The Guardian’s 100 Best Novels by Robert McCrum, August 2015: two years in the making, 400 years in the writing…


Still feeling bereft at having finished “Middlemarch” and determined to go the whole hog with more of those classic reads, when along comes another grandiose book list. Will this one stop the Sunday Times’ list from resting on its auspicious laurels? The jury’s as always out, but there’s much merriment to be had in casting one’s eyes down a giant literary list of some of the very best in English-language fiction. Take a deep breath and feast your eyes on this article and ensuing Top 100 classification:

  1. “The Pilgrim’s Progress” by John Bunyan (1678) – read at school!, 8/10
  2. “Robinson Crusoe” by Daniel Defoe (1719)
  3. “Gulliver’s Travels” by Jonathan Swift (1726)
  4. “Clarissa” by Samuel Richardson (1748)
  5. “Tom Jones” by Henry Fielding (1749)
  6. “The Life and Opinions of Tristam Shandy, Gentleman” by Lawrence Sterne (1759)
  7. “Emma” by Jane Austen (1816) – A FAVOURITE READ, 10/10
  8. “Frankenstein” by Mary Shelley (1818)
  9. “Nightmare Abbey” by Thomas Love Peacock (1818)
  10. “The Narrative of Arthur Gordon Pym of Nantucket” by Edgar Allen Poe (1838)
  11. “Sybil” by Benjamin Disraeli (1845)
  12. “Jane Eyre” by Charlotte Brontë (1847), FAVOURITE READ, 10/10
  13. “Wuthering Heights” by Emily Brontë (1847) – 10/10
  14. “Vanity Fair” by William Thackeray (1848)
  15. “David Copperfield” by Charles Dickens (1850) – A FAVOURITE READ, 10/10
  16. “The Scarlet Letter” by Nathaniel Hawthorne (1850)
  17. “Moby-Dick” by Herman Melville (1851)
  18. “Alice’s Adventures in Wonderland” by Lewis Carroll (1865) – 10/10
  19. “The Moonstone” by Wilkie Collins (1868)
  20. “Little Women” by Louisa May Alcott (1868-9) – A FAVOURITE READ, 10/10
  21. Middlemarch” by George Eliot (1871-2) – VERY FAVOURITE READ, 10/10
  22. “The Way We Live Now” by Anthony Trollope (1875)
  23. “The Adventures of Huckleberry Finn” by Mark Twain (1884-5)
  24. “Kidnapped” by Robert Louis Stevenson (1886)
  25. Three Men in a Boat” by Jerome K Jerome (1889), 7/10
  26. “The Sign of Four” by Arthur Conan Doyle (1891)
  27. “The Picture of Dorian Gray” by Oscar Wilde (1891) – 10/10
  28. “New Grub Street” by George Gissing (1891)
  29. “Jude the Obscure” by Thomas Hardy (1895)
  30. “The Red Badge of Courage” by Steven Crane (1895)
  31. “Dracula” by Bram Stoker (1897)
  32. “Heart of Darkness” by Joseph Conrad (1899)
  33. “Sister Carrie” by Theodore Dreiser (1900)
  34. “Kim” by Rudyard Kipling (1901)
  35. “The Call of the Wild” by Jack London (1903)
  36. “The Golden Bowl” by Henry James (1904) – BARBARA PYM’s DESERT ISLAND CHOICE!!
  37. “Hadrian the Seventh” by Frederic Rolfe (1904)
  38. “The Wind in the Willow” by Kenneth Grahame (1908)
  39. “The History of Mr Polly” by H.G. Wells (1910)
  40. “Zuleika Dobson” by Max Beerbohm (1911)
  41. “The Good Soldier” by Ford Madox Ford (1915), 6/10
  42. “The Thirty-Nine Steps” by John Buchan (1915), 8/10
  43. “The Rainbow” by D.H. Lawrence (1915)
  44. “Of Human Bondage” by W. Somerset Maugham (1915)
  45. The Age of Innocence” by Edith Wharton (1920) – A FAVOURITE BOOK, 10/10
  46. “Ulysses” by James Joyce (1922)
  47. “Babbitt” by Sinclair Lewis (1922)
  48. “A Passage to India” by E.M. Forster (1924)
  49. “Gentlemen Prefer Blondes” by Anita Loos (1925)
  50. “Mrs Dalloway” by Virginia Woolf (1925), 7/10
  51. “The Great Gatsby” by F. Scott Fitzgerald (1925), 10/10
  52. “Lolly Willowes” by Sylvia Townsend Warner (1926)
  53. “The Sun Also Rises” by Ernest Hemingway (1926)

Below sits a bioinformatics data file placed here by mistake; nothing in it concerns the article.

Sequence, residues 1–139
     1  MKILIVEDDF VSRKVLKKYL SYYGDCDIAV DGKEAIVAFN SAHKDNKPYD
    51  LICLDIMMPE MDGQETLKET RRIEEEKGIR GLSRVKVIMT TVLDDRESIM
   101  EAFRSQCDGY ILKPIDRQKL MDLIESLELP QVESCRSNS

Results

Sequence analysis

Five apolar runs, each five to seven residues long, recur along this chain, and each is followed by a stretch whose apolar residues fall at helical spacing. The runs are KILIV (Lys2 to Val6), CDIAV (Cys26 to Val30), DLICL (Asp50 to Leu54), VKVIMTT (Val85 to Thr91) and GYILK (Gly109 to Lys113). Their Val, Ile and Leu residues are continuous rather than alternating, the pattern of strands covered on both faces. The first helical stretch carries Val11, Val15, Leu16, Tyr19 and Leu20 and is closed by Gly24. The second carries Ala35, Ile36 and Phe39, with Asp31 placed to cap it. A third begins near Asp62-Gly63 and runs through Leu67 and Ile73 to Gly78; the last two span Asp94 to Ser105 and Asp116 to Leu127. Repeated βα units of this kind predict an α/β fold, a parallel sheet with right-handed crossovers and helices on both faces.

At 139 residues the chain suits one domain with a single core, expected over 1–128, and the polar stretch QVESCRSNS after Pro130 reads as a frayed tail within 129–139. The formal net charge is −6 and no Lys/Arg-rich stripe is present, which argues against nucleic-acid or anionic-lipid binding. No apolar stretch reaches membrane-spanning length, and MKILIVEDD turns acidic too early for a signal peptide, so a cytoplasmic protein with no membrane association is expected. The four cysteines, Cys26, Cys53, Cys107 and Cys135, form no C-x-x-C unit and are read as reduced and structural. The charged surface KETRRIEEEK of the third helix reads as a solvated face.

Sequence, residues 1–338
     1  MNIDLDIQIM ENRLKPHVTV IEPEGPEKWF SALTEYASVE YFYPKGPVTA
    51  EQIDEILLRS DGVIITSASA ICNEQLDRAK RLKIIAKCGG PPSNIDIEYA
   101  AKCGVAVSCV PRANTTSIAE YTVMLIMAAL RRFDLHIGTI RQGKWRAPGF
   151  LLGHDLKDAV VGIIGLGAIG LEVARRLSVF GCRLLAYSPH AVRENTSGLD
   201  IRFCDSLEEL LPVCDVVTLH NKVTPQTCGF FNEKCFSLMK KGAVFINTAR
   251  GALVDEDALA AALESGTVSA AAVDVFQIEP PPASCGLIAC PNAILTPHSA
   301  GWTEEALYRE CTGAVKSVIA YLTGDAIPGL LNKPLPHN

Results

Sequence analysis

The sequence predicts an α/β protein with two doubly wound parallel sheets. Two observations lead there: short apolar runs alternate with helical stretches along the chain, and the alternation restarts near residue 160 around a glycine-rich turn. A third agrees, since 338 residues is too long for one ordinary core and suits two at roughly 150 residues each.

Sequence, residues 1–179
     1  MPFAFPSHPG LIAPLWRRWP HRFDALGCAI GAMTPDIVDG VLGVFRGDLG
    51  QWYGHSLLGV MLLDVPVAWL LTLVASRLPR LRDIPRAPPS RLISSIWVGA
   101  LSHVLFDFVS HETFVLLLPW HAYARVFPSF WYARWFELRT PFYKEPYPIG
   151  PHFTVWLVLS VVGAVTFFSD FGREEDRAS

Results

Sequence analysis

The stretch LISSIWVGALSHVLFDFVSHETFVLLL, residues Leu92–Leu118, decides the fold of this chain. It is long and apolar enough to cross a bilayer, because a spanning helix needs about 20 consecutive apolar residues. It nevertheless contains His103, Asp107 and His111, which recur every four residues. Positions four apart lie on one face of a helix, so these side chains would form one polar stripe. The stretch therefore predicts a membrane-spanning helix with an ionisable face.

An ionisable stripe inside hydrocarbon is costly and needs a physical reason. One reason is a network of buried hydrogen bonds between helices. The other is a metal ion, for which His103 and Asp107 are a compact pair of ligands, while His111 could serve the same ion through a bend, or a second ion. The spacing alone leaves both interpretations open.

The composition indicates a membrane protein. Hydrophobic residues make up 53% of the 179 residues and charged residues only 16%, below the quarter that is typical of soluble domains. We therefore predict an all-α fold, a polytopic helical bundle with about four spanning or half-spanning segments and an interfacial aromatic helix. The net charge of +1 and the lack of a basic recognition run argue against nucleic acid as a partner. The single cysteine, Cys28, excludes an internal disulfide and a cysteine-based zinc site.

54. “The Maltese Falcon” by Dashiell Hammett (1929)
  55. “As I Lay Dying” by William Faulkner (1930)
  56. “Brave New World” by Aldous Huxley (1932), 10/10
  57. “Cold Comfort Farm” by Stella Gibbons (1932)
  58. “Nineteen Nineteen” by John Dos Passos (1932)
  59. “Tropic of Cancer” by Henry Miller (1934)
  60. “Scoop” by Evelyn Waugh (1938)
  61. “Murphy” by Samuel Beckett (1938)
  62. “The Big Sleep” by Raymond Chandler (1939)
  63. “Party Going” by Henry Green (1939)
  64. “At Swim-Two-Birds” by Flann O’Brien (1939)
  65. “The Grapes of Wrath” by John Steinbeck (1939)
  66. “Joy in the Morning” by P.G. Wodehouse (1946)
  67. “All the King’s Men” by Robert Penn Warren (1946)
  68. “Under the Volcano” by Malcolm Lowry (1947)
  69. “The Heat of the Day” by Elizabeth Bowen (1948)
  70. “Nineteen Eighty-Four” by George Orwell (1948)
  71. The End of the Affair” by Graham Greene (1951), 10/10
  72. “The Catcher in the Rye” by J.D. Salinger (1951), 10/10
  73. “The Adventures of Augie March” by Saul Bellow (1953)
  74. “Lord of the Flies” by William Golding (1954) – 8/10
  75. Lolita” by Vladimir Nabokov (1955), 10/10
  76. “On the Road” by Jack Kerouac (1957)
  77. “Voss” by Patrick White (1957)
  78. “To Kill a Mockingbird” by Lee Harper (1960), 10/10
  79. “The Prime of Miss Jean Brodie” by Muriel Spark (1960), 10/10
  80. “Catch-22” by Joseph Heller (1961)
  81. “The Golden Notebook” by Doris Lessing (1962)
  82. “A Clockwork Orange” by Anthony Burgess (1962)
  83. “A Single Man” by Christopher Isherwood (1964), 6/10
  84. “In Cold Blood” by Truman Capote (1966)
  85. “The Bell Jar” by Sylvia Plath (1966), 8/10
  86. “Portnoy’s Complaint” by Philip Roth (1969)
  87. Mrs Palfrey at the Claremont” by Elizabeth Taylor (1971) – A FAVOURITE BOOK, 10/10
  88. “Rabbit Redux” by John Updike (1971)
  89. “Song of Solomon” by Toni Morrison (1977)
  90. “A Bend in the River” V. S. Naipaul (1979)
  91. “Midnight’s Children” by Salman Rushdie (1981)
  92. “Housekeeping” by Marilynne Robinson (1981), 8/10
  93. “Money: A Suicide Note” by Martin Amis (1984)
  94. “An Artist of the Floating World” by Kazuo Ishiguro (1986)
  95. “The Beginning of Spring ” by Penelope Fitzgerald (1988)
  96. Breathing Lessons” by Anne Tyler (1988), 9/10
  97. “Amongst Women” by John McGahern (1990)
  98. “Underworld” by Don DeLillo (1997)
  99. “Disgrace” by J. M. Coetzee (1999)
  100. “True History of the Kelly Gang” by Peter Carey (2000).

Oh dear, just a measly quarter under that belt. Did you fare better on this literary journey?

I could quote lock, stock and barrel now, though, because I so enjoyed reading Mr McCrum’s comments about who DIDN’T make it to his Top 100. Here’s what he said about some of the ones that got away :

So: a few howlers, several regrets, and many sleepless nights… Margaret Mitchell (Gone With the Wind); Daphne du Maurier (Rebecca); Ian Fleming (Casino Royale)… Or, more painful still, Nancy Mitford (The Pursuit of Love)… There were some other deliberate omissions: Elizabeth Gaskell (North and South), whose appeal I confess I’ve never understood; Nathanael West (Miss Lonelyhearts); Rosamond Lehmann (The Weather in the Streets); John Fowles (The French Lieutenant’s Woman), whose work has not worn well… One casualty of this process whom I deeply regret omitting is the Australian novelist Christina Stead’s The Man Who Loved Children (1940), a profoundly moving study of family life so pitch perfect that it’s hard to believe her novel is not better known.”